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Are you finding that your email marketing strategies are not getting the job done? Maybe it is time to take a deeper look at what opportunities there are to increase your effectiveness.
One of the best ways to become a better email marketer is to study what does not work. This could be as easy as going over your previous campaigns with an open mind and tweaking what you already have based on customer feedback.
If you feel your campaigns are not the issue, another easy way to find poor examples of email marketing campaigns is to check your inbox.
We all get plenty of emails every week trying to sell us something or asking for us to join something. What ones got your attention and what ones went right to the junk folder? Go through your email and print off a few that makes your brain scream 'spam' and then compare them to your own creations.
It is the bad examples that hold invaluable lessons on how to improve your message deliverability, help establish trust with the recipient and most importantly, getting your message read.
Here are six lessons you can learn by reading the emails that you normally don't give a second thought to during your day.
1. Always use a real 'from' name
It does not matter if it is a company or a person, but the name needs to be real. This will reinforce that one-on-one tone that any friendly email has. If you think about your own inbox, how often do you delete a message that looks suspicious or from someone you have never heard of?
2. Avoid subject line alarm bells
Using ALL CAPS or subject lines that are confusing will generally get an email deleted right away. Write the subject line so it makes sense, and that it scans for legitimacy. An effective subject line is what will make a good first impression for the reader and improve the chances that the email get read. In the Internet world, ALL CAPS is commonly known as shouting and can also be labeled as promotional material very easily. If you won't open an email because of a sketchy subject line, your readers won't either.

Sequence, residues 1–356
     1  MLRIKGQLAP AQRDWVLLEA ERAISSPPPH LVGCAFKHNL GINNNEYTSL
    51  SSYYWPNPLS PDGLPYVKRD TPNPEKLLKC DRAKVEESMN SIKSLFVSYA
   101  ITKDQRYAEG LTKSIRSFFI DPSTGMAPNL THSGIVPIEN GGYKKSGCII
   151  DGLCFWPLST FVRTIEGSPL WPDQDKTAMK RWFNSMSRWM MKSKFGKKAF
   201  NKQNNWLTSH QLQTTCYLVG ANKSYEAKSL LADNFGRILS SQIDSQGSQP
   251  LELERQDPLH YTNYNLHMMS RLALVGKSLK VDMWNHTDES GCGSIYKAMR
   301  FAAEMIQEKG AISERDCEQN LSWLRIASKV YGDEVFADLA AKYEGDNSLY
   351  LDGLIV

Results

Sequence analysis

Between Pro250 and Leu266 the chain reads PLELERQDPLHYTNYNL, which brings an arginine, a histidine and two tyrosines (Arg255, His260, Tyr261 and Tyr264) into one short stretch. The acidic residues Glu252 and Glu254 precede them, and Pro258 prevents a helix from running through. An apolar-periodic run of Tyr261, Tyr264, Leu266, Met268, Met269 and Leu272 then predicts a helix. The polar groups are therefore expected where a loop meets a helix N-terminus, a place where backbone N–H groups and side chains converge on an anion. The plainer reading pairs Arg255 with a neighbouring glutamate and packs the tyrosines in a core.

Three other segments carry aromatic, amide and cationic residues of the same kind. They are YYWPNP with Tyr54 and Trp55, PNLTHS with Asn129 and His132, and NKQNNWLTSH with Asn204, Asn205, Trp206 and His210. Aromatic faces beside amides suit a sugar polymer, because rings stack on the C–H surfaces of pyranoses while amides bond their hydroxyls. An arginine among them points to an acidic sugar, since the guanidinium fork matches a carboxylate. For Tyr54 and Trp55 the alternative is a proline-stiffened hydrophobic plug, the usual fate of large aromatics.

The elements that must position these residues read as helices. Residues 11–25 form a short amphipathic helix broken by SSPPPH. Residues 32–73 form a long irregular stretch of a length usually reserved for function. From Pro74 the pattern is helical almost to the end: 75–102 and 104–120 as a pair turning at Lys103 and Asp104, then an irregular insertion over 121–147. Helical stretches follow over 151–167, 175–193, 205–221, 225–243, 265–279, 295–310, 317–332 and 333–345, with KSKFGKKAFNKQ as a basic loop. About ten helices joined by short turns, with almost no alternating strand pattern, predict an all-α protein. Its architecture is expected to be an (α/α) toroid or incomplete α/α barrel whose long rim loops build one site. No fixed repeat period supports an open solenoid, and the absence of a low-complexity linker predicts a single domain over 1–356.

3. Limit catch phrases
The goal for your email marketing campaign of course is to sell or tease your message. But if you go too far it will have the opposite affect and hurt just how many people even receive your hard work. Certain phrases like "free, cheap, guaranteed, no obligation or discreet service will always make the spam filters take notice. If you must use any of these phrases in your campaign, save it for the body of the message and try not to overuse it. A good way to test if you overdid it with your message, is to ask yourself if you feel like a car salesman after reading your email marketing copy. If there is even a hint that you do, chances are you have got some catch phrases in there.
4. Be competent
Even if it seems obvious to say, it is amazing how poorly a lot of email marketing campaigns are written. Lousy writing, awful grammar and incorrect capitalization/punctuation all destroy the reader's trust. You don't need to write for the New York Times, but you do need to write like you speak the language. If your email gives the impression that you typed it out on your cell phone while driving the kids to school, readers will pick up on that and never take it seriously. Little mistakes add up fast, and the end result will be a quick trip to the trash bin.
5. Be certain
Nothing creates doubt about the legitimacy of your campaign more than when you show doubt in your own legitimacy. Write clear and definitive copy that will convey the message that you know what you are talking about. Again, you don't have to write a masterpiece, but it is key to get to the point, and do it with confidence. If the reader believes you have expertise, they are more likely to be interested in your topic and consider using your service.
6. Know your audience
Whatever your email marketing campaign is about, you have to know your audience to achieve the best results. By understanding who you are writing to, it will help you select a style and tone that is fitting to your audience. If you are sending out important information about e-mail marketing (like this post for example), those in the email marketing industry might not actually need your service or be interested in what they already believe they know.
To find more valuable email marketing tips, please visit SimplyCast's resource center or if you have a question leave a comment and we will do our best to help you out.
on Feb 27, 2009
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